Skip to main content
Presentation
A diffusion-based gradient microfluidic device for the study of the cyanobacterial chemotaxis
Research Day
  • Katrina Pauline L. Yap, University of the Pacific
  • Shelly Gulati, University of the Pacific
Poster Number
5
Lead Author Affiliation
University of the Pacific
Lead Author Status
Masters Student
Second Author Affiliation
University of the Pacific
Second Author Status
Faculty
Introduction
Chemotaxis is a process in which bacteria moves in response to a chemical gradient. There is limited understanding of cyanobacterial chemotaxis in natural and artificial plant associations. A microfluidic device provides a platform to observe the mobility of cyanobacteria under highly controlled chemical and fluidic environments. Traditional microfluidic chemotaxis devices often use a steady-flow to create a chemical gradient which is problematic in studying motile bacteria, because the coupling of fluid flow and chemical concentration makes it difficult to distinguish the cause of movement. Instead, we use a diffusion-based gradient microfluidic device that consists of a three-channel microfluidic chip made of agarose in this study.
Purpose
A linear chemical gradient is established by diffusing a chemical through an agarose layer sandwiched between a PDMS buffer. This creates a static linear gradient and eliminates the flow in the center channel, allowing movement of bacteria solely by chemotaxis. The procedure for the fabrication of the microfluidic device is highlighted for future work on chemotaxis studies of other motile bacteria.
Method
The master for the microfluidic device was created using a craft-cutter. The center channel had a width of 800 um, while the buffer and and chemical channel had a width of 400 um. Soft lithography was used to create a 1mm thick PDMS buffer. After a day of cooling, a rectangle was cut off from the PDMS buffer to create space for the agarose. The 3% agarose was poured into the rectangle and allowed to cool for 2 hours. After cooling, the PDMS agarose membrane was sandwiched between a cover plexiglass cover. Gel loading tips were used to connect the inlets and outlets with the tubings.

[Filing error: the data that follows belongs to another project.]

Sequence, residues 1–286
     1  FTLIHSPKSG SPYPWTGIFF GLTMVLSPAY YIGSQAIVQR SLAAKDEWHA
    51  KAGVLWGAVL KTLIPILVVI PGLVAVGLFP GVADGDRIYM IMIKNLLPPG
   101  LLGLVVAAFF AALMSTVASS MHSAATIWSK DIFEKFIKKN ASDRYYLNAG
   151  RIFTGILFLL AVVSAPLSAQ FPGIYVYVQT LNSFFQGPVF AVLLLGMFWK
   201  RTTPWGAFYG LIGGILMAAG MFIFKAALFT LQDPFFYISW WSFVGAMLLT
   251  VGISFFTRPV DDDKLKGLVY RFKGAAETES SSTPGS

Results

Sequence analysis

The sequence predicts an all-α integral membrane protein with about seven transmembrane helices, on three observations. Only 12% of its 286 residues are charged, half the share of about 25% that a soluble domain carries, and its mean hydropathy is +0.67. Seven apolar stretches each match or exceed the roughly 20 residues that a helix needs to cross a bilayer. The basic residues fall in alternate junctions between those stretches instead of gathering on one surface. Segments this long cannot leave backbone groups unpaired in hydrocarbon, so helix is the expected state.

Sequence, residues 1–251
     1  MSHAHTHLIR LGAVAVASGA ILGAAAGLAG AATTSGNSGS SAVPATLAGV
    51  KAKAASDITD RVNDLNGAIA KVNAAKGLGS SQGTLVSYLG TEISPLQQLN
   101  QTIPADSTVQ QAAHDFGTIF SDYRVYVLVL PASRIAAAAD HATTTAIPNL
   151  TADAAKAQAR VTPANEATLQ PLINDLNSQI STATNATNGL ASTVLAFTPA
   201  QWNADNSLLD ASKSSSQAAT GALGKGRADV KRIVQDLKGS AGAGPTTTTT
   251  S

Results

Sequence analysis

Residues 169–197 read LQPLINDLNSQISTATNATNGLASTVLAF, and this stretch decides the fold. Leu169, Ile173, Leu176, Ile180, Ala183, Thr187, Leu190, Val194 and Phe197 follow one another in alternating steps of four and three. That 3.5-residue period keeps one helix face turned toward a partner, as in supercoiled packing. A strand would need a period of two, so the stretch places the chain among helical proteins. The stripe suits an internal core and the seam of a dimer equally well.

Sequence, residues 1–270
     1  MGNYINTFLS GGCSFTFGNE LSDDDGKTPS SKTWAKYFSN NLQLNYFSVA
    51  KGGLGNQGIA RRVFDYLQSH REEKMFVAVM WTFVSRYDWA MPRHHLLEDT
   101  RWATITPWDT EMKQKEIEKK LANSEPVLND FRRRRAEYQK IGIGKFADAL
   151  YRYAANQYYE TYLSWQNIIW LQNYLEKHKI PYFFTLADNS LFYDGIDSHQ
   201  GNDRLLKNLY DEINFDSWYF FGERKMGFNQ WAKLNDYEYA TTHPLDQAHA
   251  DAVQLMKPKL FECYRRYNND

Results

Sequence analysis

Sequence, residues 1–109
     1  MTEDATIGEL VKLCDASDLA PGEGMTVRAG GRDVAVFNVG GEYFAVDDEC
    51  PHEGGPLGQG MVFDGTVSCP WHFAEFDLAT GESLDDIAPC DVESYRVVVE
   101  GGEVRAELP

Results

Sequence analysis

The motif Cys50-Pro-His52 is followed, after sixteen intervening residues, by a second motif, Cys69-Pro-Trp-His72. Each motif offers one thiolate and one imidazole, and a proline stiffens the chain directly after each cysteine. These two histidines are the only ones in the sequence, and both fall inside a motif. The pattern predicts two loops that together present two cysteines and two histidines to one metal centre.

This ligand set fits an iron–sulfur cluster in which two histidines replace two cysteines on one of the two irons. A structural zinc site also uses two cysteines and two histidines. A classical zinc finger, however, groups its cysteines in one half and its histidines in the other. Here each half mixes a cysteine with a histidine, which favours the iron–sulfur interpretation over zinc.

Results
Using this device, the chemo-attraction in Nostoc strains 8964:3 towards the extracts of host and non-host plants is studied.
Significance
This study can increase the understanding of cyanobacterial chemotaxis in natural and artificial plant associations. Moreover, the protocol for the fabrication of the device can be used to fabricate more microfluidic devices for motile bacterial chemotaxis.
Location
DUC Ballroom A&B
Format
Poster Presentation
Poster Session
Afternoon
Citation Information
Katrina Pauline L. Yap and Shelly Gulati. "A diffusion-based gradient microfluidic device for the study of the cyanobacterial chemotaxis" (2017)
Available at: http://works.bepress.com/shelly-gulati/28/